Russ Quaglia is known for his unwavering dedication to student voice and aspirations. His innovative work is evidenced by an extensive library of research-based publications, prominent international speaking appearances, and a successfully growing list of aspirations ventures. Among these ventures, Dr. Quaglia authored the School Voice suite of surveys, including Student Voice, Teacher Voice, Parent Voice, and iKnow My Class. His publications include:
- Student Voice: The Instrument of Change
- Student Voice: Turn Up the Volume K-8 Activity Book
- Student Voice: Turn Up the Volume 6-12 Activity Book
- Teacher Voice: Amplifying Success
- Principal Voice: Listen, Learn, Lead
- Aspire High: Imagining Tomorrow’s School Today
We sat down with Russ to learn more about how important it is to listen to the various voices in our schools.
1. Where did your student voice journey start? What inspired you to devote your life to student voice?
Without knowing it at the time, I believe it started during my very first year in school. At the end of each year throughout elementary school, I found myself in the principal’s office—in trouble, with my parents at my side. The meeting was always about the same thing – the one grade that stood out among all the others: my D in “conduct.” I was told I needed to pay better attention and stop disturbing the class. I remember wondering why I needed to pay better attention when I was getting all A’s (aside from that D!). I knew then that I was bored in class, and figured that’s why I was disturbing others. But I also remember feeling a little scared and afraid to speak up in front of both the principal and my father. So I just nodded my head and agreed to work on my conduct. Looking back, I know that I had something important to say, but I was pretty confident no one was going to listen. At the time, I felt like it would have been considered disrespectful to speak up. The turning point, and what led me to my commitment to fostering student voice was when I had children of my own and quickly realized they had something to teach me if I was willing to listen.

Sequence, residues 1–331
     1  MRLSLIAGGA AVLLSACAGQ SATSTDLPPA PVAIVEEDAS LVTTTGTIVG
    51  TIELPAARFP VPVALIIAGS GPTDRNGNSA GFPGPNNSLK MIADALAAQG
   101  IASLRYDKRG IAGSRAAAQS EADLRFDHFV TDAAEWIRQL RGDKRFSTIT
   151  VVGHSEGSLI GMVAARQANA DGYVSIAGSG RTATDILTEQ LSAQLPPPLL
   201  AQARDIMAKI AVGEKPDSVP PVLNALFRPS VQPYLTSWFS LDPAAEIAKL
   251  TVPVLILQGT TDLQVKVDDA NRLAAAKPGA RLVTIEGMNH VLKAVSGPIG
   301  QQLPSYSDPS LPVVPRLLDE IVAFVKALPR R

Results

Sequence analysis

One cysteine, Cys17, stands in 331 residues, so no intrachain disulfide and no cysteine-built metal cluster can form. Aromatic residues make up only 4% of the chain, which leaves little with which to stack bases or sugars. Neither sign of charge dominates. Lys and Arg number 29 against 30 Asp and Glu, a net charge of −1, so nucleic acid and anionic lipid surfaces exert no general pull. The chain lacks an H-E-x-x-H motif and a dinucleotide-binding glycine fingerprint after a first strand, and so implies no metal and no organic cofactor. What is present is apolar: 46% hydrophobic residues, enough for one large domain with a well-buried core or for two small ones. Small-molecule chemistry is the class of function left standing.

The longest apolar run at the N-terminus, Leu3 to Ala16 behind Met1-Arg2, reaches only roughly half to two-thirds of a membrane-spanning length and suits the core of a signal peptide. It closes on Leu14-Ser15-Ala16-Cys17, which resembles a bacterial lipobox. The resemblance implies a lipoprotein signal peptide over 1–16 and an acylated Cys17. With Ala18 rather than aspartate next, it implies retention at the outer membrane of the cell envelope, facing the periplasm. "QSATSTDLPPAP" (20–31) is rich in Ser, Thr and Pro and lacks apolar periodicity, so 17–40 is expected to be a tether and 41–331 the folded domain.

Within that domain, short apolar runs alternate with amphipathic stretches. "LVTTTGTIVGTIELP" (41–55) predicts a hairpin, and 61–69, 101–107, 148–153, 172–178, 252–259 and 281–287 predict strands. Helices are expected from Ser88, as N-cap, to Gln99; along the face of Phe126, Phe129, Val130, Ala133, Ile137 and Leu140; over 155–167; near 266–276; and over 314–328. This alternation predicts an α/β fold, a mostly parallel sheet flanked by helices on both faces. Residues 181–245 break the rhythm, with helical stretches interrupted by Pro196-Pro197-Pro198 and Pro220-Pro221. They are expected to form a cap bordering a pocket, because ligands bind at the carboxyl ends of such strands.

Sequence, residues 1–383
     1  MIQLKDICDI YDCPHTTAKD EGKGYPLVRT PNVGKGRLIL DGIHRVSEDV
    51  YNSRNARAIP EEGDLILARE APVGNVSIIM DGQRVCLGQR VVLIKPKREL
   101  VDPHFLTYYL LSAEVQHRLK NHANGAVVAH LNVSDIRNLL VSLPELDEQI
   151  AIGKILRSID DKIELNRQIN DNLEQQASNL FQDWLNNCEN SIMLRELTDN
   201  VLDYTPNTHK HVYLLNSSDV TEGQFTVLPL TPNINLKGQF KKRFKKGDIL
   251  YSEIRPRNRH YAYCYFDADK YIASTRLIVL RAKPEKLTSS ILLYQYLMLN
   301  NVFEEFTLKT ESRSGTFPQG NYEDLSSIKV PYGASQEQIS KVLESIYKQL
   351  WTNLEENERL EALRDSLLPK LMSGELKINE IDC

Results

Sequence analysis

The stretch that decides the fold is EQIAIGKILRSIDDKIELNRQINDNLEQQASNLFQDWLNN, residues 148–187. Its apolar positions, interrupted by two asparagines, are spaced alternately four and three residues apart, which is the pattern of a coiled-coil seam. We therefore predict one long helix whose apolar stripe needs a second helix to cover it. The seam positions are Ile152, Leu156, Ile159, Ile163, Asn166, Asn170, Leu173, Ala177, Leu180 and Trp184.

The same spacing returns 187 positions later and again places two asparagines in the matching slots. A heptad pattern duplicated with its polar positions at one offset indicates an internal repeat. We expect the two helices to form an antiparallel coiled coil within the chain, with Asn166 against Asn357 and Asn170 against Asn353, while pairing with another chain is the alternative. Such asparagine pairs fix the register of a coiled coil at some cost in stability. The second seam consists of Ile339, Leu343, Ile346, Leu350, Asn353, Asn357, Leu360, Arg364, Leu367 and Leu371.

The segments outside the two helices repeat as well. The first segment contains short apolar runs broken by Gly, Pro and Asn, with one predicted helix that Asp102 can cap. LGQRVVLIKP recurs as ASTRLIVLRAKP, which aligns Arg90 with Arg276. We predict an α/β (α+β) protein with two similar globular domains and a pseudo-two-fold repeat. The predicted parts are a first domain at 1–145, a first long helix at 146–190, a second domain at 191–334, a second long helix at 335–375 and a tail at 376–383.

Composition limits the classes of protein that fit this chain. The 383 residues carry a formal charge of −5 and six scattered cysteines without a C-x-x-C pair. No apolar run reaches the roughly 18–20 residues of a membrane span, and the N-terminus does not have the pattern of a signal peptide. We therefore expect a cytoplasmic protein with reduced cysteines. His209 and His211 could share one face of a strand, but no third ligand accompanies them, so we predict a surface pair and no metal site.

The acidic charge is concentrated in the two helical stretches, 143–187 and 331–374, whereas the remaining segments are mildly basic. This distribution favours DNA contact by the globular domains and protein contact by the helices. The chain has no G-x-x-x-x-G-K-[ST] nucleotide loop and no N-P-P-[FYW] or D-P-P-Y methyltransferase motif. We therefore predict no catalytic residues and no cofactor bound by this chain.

2. What have you seen change—or stay the same!—in the last 30 years of researching student voice in schools?
The one thing that has remained the most consistent is that students have always wanted to be heard, valued, and engaged. They want to be active participants in their learning and they want learning to be meaningful to their lives. What has changed significantly, unfortunately, is students’ attitude about school and their expectations of school. Both have trended in a negative direction. We must recognize that when students’ voices are not heard and valued, their engagement, investment, and expectations diminish.